Staff on the 'same page' means more sales

Staff on the 'same page' means more sales

When was the last time you rang your own company? Listened to a pitch from your sales team? Ordered something from your website? Rang up and complained to your accounts department? In other words, do you know what it is like to be on the receiving end of your staff’s idea of customer service?

Too many companies fail to realise that every employee, irrespective of their role, will interact at some stage with customers or prospects. In this respect, every employee should be looked on as a marketing opportunity and trained to represent your brand the best they can. This includes not only identifying a potential sale but understanding that holding onto existing customers is just as important as getting new ones.

Getting this right is critical for all companies. It’s easier for small enterprises where you have everyone working in the same room and internal communication is pretty much instant. As companies grow they invariably spread across multiple rooms and internal communication can suffer. This in turn impacts on how consistently your company’s brand and sales pitch is being communicated and how fast, if at all, opportunities are being pounced on. “Inward” and “outward” facing staff can grow further and further apart in terms of understanding the value your company delivers to its customers and how your brand is being communicated.

The more employees you have, the more people you have interacting with the outside world representing your brand. This should be seen as a no-cost way to build your brand and generate sales leads. If you ensure that every single person in your organisation knows the key facts about your company and its products, you can potentially turn an accounts query, customer services complaint or a casual conversation at a social gathering into a sale.

Too many employees think of themselves as “just the receptionist” or “just the accounts clerk” or “just the technician” and fail to appreciate that they are all representatives of your company – your brand. It is not only what they say, but how they say it and what they do as a result. Too often promises are made that aren’t followed up, conversations started that aren’t finished and one rogue employee can completely demolish your good reputation in an email or unanswered phone call.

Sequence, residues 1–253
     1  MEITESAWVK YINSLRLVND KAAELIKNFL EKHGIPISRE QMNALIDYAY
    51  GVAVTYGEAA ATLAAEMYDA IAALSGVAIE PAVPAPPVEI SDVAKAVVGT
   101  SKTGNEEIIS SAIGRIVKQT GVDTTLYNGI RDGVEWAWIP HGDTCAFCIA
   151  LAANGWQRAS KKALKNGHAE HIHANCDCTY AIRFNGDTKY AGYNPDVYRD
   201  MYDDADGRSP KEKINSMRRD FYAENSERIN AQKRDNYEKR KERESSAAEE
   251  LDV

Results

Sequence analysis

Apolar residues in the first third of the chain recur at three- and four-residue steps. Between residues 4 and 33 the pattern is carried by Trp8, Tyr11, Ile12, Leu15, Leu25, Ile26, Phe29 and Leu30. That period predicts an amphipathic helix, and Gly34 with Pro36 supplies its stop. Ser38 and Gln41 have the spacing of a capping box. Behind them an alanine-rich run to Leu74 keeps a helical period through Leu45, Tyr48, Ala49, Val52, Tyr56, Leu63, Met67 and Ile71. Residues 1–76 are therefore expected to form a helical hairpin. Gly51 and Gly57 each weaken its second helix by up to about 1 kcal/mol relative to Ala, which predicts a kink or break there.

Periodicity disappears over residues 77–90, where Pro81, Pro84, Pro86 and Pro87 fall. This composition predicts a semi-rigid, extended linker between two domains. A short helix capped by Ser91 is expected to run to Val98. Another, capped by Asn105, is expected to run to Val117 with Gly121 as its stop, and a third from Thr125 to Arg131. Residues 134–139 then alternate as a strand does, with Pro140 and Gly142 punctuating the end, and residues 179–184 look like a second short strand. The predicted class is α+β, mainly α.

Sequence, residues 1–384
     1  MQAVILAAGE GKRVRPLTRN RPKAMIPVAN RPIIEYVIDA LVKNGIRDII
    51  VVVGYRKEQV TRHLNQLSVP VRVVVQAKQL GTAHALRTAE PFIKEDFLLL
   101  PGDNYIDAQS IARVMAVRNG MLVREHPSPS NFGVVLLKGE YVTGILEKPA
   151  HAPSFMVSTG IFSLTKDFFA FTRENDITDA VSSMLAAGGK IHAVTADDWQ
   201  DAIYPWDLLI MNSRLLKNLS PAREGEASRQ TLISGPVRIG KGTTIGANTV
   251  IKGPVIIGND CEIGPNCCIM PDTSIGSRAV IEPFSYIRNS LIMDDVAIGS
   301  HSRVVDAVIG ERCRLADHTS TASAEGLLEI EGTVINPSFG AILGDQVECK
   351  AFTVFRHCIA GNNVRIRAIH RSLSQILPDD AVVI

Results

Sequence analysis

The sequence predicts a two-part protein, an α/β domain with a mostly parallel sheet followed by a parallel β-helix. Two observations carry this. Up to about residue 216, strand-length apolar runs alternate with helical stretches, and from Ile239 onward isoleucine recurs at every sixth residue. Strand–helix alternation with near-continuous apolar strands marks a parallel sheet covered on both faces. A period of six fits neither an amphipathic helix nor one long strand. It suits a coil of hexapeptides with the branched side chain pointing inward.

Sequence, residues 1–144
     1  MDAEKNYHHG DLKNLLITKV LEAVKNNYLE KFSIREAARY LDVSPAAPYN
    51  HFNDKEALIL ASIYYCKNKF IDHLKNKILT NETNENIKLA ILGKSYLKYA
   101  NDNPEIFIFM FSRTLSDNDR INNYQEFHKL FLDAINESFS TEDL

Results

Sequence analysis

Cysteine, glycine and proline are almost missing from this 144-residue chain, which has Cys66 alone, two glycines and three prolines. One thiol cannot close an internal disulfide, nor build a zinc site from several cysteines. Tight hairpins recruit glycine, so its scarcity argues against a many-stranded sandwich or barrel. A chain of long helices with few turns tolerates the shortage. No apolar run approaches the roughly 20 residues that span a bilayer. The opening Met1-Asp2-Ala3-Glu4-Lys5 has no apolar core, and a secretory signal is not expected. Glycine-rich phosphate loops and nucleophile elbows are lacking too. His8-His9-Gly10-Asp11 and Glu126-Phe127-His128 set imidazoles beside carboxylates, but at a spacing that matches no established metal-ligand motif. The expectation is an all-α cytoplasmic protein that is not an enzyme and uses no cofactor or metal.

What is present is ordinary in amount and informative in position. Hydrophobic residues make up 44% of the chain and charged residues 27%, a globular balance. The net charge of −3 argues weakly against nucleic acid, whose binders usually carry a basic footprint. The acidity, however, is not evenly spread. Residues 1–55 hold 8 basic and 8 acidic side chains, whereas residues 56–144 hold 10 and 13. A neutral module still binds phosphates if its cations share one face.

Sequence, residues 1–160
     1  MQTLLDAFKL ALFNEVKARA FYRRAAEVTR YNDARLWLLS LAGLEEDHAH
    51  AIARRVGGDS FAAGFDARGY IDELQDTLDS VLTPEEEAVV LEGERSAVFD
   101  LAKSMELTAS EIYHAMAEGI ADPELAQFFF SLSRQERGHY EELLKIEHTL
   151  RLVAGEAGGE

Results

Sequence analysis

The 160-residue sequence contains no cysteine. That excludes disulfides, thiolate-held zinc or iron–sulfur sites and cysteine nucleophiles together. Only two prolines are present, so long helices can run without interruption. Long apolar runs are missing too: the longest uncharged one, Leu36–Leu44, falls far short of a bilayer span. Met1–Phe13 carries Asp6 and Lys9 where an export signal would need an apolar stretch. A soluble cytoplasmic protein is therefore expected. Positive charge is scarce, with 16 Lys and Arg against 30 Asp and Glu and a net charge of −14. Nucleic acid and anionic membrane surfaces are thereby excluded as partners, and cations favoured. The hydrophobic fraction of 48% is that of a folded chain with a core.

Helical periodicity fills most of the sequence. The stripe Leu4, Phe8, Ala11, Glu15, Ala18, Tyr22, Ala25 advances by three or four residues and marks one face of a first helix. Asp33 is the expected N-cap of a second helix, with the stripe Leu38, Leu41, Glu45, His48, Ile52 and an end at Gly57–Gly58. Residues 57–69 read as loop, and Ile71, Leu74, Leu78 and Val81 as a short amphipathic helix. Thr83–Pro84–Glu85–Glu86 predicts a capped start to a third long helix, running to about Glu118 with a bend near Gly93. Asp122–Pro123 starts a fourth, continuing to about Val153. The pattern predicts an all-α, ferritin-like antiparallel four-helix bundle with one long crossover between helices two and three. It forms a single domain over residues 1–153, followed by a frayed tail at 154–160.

You need to agree a communications plan with staff that empowers everyone to be a representative of your brand. They not only know what to say but even more critically, communicate this in a way that aligns with the core values of your company.

The plan should cover strategic issues such as where you are going as a company and what you want your brand to reflect. It should also be more tactical in terms of how you answer the phone, the way your staff dress (and this doesn’t have to be suits and ties; it just has to be appropriate for the kind of customers you work with) and consider how you respond to customer complaints and billing enquiries.

Even more importantly, to have some protocols around responding to customers to make sure no opportunity, sales or otherwise, gets missed.

This should be part of every staff member’s induction and then updated on at least an annual basis. At a time when we are all looking at how to create sales opportunities, the simple act of getting everyone in the company onto the same page is a very powerful way of building your brand and staying ahead of the competition.

Bob Pinchin is the director of, a specialist communications house for technology companies. Email:

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